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The world of rosé is one of balance and nuance, qualities that require a certain sensibility to be appreciated. Rosé can be light and frivolous, but it can also be complex and structured. It can accompany a summer aperitif or a robust dinner. Are you a rosé enthusiast wanting to know more about how the wine is made and the most appropriate ways of describing it?
Read on to discover all the secrets of rosé.

What are the origins of rosé wine?

Rosé began in Italy during the Second World War: in 1943, the Leone De Castris winery in Salento produced the first Five Roses. Made with 90% Negroamaro and 10% Malvasia Nera, it is still extremely popular in Italy and the United States. Rosé is effectively a wine produced from red grapes by a process of vinification in bianco but allowing the skins to macerate with the must for a shorter time. This gives the wine its pink colour.

After this, the process is the same as for vinification in bianco: fermentation in steel and concrete vats rather than wood, racking off and bottling. Because of the low polyphenol content and the tendency to quickly lose acidity and aroma, rosé wines are not suitable for ageing in the bottle and are best consumed within two years of harvest.

The maceration time, grape variety and ageing affect the colour, which can vary from onion-skin to almost red. The growing area and the grape used obviously contribute to the wine’s appearance and properties in the glass.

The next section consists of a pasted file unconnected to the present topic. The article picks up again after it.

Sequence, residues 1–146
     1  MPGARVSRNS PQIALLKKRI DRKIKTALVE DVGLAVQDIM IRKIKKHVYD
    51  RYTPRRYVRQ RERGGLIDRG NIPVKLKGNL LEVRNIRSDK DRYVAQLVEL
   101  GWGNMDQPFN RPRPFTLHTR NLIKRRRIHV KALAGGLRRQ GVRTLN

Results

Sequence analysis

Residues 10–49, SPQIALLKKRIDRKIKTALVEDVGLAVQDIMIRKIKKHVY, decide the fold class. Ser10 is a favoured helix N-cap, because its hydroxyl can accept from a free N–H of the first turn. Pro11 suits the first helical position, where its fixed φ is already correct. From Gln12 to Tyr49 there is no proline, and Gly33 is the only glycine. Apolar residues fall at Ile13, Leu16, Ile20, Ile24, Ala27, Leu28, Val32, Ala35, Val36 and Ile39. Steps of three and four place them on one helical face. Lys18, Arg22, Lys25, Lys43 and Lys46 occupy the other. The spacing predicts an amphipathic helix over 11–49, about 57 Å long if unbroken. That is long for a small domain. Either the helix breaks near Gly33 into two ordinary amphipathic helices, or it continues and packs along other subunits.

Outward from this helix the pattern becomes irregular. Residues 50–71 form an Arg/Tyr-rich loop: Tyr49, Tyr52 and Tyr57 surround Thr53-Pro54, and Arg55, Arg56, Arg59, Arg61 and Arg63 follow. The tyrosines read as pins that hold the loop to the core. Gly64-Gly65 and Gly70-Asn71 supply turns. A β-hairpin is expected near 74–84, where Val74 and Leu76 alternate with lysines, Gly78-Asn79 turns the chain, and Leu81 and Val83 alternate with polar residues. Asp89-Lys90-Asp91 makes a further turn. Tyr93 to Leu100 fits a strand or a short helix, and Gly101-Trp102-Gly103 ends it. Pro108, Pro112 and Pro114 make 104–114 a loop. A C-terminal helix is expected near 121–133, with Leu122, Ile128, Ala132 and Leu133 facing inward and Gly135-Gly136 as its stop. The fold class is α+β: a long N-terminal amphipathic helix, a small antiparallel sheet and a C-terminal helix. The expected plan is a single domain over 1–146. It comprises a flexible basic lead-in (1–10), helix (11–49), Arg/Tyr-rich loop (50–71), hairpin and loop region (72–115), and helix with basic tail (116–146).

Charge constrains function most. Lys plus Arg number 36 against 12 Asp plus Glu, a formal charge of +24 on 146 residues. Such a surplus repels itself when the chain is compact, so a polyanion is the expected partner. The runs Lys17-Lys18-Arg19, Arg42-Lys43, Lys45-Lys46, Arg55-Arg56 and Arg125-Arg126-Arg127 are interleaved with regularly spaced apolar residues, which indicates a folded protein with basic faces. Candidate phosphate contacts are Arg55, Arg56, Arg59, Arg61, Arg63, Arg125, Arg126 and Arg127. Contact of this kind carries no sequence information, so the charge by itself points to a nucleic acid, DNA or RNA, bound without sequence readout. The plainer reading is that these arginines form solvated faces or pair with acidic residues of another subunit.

Where are rosé wines made, and which grapes are used? The world’s best sparkling pink wines use a royal grape: Pinot Noir. In Franciacorta and Trentino DOC – as in Champagne – the rosé version has body, structure, acidity and depth. It’s a rich, full-bodied wine. Other areas with a long-established tradition of rosé production are Salento, which we mentioned previously, and Bardolino, on the Verona shore of Lake Garda, where Corvina is the predominant grape variety.

How to describe a rosé wine?

Wine is also about conviviality and happiness, because drinking it is always a pleasure, especially in excellent company! But… are we sure we know how to describe a wine? And what its characteristics are? We often find ourselves sampling an excellent glass of wine without fully understanding what we’re drinking and why the label describes it as “smooth”, “bright” or “acidulous”. Since today we’ve taken a little trip to discover rosé wine, let’s look at the language used to describe it.

Rounded: wine that stands out for its smoothness, sugar content and moderate acidity.

Acidulous: a nuance of acidity that gives a sensation of freshness; used to describe a wine with fairly prominent and noticeable acidity.

Smooth: one of the most sought-after characteristics, this refers to the harmony between the sweet elements of the wine – sugars and glycerine – and the more acidic tannin flavours.

Velvety: evokes the image of a wine smooth as velvet, which caresses the palate. A tactile sensation to express an oral perception and display extreme appreciation of a wine.

Light: low alcohol and little colour, although such a wine may be thirst-quenching and pleasant to drink.

Harmonious: a wine that has all the flavour elements in perfect balance. This occurs when a wine reaches the perfect state of ageing.

Bright: with the typical glossy highlights of a clear wine and a brilliant colour.

Delicate: describes a wine with characteristic harmony, refinement and quality.